If you’re not familiar with the term “wholesale” lending in the mortgage industry, you’re not alone. If you have heard the term, it’s easy to misinterpret its meaning. “Wholesale” might imply universal or overall but that’s not the definition. Wholesale lending plays a crucial part in the mortgage business and I’ll explain why.
First, if you have a wholesale mortgage product it goes to follow you must also have a retail product. That’s certainly true. When a consumer meets with a loan officer and discusses loan programs, rates and terms, it’s a face-to-face conversation. The consumer is getting information on mortgage programs to be used to finance a home. Retail lending is universal. That’s what mortgage companies do, make loans. That’s the retail channel. The wholesale channel works a little differently.
Wholesale lending produces loan programs and rates and uses the services of a mortgage broker to market their programs to the general public on a retail level. For a mortgage company, finding new clients and introducing new loan programs is an expensive task. There’s the simply overhead of originating new business. A lender needs office space and employees. The employees range from someone at the front desk as a receptionist to a loan officer to a processor, underwriter and office manager. And there are others involved, too. That’s where the overhead comes into play.
Wholesale lenders use the services of a mortgage broker to market and promote various loan programs. The mortgage broker establishes a market base and over time has built a database of both referral partners in the real estate industry as well as regular contact with past clients. When using a mortgage broker, wholesale lenders avoid costly overhead and let the mortgage broker assume that financial responsibility. In exchange, the wholesale lender offers lower pricing to the mortgage broker who will then “mark up” the interest rates to a retail level. The difference between what is quoted to the mortgage broker and what is ultimately priced at retail is the broker’s profit. That’s how mortgage brokers get paid. Brokers have access to rates that borrowers don’t have access to.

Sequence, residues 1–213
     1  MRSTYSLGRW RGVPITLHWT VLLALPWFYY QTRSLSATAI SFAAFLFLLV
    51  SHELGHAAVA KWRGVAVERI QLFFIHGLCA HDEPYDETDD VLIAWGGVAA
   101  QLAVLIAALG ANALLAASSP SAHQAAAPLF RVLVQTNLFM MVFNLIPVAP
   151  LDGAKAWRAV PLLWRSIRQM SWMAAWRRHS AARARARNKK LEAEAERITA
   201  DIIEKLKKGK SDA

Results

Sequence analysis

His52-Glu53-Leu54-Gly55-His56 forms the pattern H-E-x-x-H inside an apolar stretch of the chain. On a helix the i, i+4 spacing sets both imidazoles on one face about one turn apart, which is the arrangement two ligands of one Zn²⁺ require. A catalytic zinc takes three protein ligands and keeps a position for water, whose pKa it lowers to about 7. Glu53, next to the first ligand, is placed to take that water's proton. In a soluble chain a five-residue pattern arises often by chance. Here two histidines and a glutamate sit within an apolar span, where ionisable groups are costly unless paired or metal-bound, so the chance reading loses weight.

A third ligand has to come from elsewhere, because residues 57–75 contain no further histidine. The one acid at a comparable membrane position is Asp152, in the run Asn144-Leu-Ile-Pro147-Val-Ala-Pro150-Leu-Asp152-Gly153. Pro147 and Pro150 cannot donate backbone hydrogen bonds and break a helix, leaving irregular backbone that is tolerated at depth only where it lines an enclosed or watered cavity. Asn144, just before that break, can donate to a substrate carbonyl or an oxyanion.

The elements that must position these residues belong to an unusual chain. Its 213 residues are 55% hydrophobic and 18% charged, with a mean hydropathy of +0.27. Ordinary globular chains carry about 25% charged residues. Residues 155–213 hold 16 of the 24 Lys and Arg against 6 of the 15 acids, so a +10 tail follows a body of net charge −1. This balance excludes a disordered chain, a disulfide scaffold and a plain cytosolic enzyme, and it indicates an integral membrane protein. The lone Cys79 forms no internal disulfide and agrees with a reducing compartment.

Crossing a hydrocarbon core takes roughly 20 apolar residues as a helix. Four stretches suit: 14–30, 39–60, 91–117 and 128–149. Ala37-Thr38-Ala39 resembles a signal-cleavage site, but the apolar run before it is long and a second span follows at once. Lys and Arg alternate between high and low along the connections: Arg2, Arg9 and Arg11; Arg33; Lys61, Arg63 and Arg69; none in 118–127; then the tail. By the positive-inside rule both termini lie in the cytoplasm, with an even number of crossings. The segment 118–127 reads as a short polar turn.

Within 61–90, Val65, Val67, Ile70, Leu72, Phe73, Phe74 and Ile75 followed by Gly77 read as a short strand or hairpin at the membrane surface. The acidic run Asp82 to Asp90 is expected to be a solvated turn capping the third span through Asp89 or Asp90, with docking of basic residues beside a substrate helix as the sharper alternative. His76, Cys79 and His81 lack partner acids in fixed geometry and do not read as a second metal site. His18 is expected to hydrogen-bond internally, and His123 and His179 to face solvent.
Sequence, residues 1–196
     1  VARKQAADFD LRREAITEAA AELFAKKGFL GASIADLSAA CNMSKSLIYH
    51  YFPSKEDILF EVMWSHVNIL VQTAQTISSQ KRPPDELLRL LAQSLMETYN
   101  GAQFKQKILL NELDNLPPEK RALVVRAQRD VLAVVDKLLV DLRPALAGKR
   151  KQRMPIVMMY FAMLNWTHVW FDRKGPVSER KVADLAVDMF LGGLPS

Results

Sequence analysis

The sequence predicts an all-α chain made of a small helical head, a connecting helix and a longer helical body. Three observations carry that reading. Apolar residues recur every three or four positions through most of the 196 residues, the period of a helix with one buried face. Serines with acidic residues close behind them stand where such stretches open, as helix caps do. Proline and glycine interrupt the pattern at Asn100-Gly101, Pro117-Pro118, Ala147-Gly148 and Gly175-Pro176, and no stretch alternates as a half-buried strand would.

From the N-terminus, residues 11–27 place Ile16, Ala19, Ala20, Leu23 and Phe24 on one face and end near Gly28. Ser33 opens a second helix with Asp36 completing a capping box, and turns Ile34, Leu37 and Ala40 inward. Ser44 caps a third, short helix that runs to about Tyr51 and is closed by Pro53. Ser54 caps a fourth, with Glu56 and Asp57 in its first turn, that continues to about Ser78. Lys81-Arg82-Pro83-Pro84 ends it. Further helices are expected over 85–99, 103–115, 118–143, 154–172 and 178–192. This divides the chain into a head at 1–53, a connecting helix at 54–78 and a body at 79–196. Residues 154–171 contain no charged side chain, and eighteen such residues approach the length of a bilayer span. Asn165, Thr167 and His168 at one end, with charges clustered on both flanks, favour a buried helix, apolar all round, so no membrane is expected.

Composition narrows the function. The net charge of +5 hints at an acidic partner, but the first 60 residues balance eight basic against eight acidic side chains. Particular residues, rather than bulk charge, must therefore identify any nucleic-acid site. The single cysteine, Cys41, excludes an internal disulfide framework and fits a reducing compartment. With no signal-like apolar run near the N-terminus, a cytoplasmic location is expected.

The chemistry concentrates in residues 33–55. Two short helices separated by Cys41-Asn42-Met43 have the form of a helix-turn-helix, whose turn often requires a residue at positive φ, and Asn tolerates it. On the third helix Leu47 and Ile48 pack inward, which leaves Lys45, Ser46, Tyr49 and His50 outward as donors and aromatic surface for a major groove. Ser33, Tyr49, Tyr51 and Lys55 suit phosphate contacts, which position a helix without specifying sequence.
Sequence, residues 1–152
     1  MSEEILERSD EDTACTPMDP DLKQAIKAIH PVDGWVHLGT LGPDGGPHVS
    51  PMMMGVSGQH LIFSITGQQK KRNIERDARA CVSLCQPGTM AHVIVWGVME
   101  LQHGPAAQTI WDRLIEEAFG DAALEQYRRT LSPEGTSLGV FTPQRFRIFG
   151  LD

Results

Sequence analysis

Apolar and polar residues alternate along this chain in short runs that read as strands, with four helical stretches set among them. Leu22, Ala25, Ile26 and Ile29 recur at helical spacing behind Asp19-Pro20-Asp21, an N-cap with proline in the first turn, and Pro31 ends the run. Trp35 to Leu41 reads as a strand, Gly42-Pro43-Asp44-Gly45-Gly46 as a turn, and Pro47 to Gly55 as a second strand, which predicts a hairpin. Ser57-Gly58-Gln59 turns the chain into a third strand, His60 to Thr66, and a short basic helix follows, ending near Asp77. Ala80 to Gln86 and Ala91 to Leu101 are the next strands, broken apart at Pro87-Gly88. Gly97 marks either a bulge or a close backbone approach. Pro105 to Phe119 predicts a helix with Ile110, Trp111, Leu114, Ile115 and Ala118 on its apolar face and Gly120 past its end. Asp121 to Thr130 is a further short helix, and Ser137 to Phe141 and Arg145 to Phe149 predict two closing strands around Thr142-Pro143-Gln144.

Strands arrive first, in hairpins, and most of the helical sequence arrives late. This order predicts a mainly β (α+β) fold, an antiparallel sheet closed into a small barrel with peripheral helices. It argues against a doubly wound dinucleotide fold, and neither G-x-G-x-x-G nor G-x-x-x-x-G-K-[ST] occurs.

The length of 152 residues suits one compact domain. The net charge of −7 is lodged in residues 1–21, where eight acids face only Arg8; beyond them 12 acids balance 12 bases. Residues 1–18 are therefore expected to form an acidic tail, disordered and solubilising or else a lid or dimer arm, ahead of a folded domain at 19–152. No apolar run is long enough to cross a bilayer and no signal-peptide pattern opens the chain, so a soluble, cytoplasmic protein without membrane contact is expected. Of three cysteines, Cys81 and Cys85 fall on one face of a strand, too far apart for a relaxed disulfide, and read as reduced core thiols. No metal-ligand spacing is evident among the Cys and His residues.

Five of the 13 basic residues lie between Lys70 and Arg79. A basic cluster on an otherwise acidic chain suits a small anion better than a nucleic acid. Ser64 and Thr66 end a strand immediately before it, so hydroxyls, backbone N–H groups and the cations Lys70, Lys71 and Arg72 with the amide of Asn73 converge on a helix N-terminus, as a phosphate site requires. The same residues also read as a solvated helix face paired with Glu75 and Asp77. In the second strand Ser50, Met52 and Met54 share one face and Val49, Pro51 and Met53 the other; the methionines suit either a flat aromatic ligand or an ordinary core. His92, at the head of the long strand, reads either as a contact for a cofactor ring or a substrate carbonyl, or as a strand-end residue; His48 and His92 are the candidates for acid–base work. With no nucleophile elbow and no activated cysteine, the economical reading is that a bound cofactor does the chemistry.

Another very important reason why wholesale lending is so important is to present different types of loan programs. A mortgage broker doesn’t just shop around for competitive interest rates and terms but finding a loan program that might be unique or to address a specific niche in the industry. All residential mortgage lenders offer conventional loan programs underwritten to either Fannie Mae or Freddie Mac standards. But there are other types of loans that don’t fit that mold. Loans that don’t quite fit the Fannie/Freddie model can be classified as a “portfolio” loan.
A portfolio loan is a program developed by a mortgage lender designed to address a specific market. For example, a loan program that doesn’t require paycheck stubs or W2 forms but addresses income in a different manner. There are programs that cater to those with hard-to-prove income or with depressed credit scores.
An individual mortgage company might have many of these types of programs, but rarely do they have every single one. A mortgage broker however can have marketing agreements with multiple wholesale lenders who cater to a broker. This means not only does the mortgage broker have access to different types of mortgage programs but can also search for the more competitive rates and terms.
Wholesale lending provides ultimate access to various loan programs via the mortgage broker. For example, I have marketing agreements with both local and national wholesale lenders. These wholesale lenders hire customer service representatives who make sales calls to my officer on a regular basis. The purpose of the visits is to introduce new loan programs and to look at a particular scenario and suggest programs that would fit my client. And just as mortgage lenders compete with one another on a retail basis, so too do wholesale lenders who compete for mine, and ultimately yours.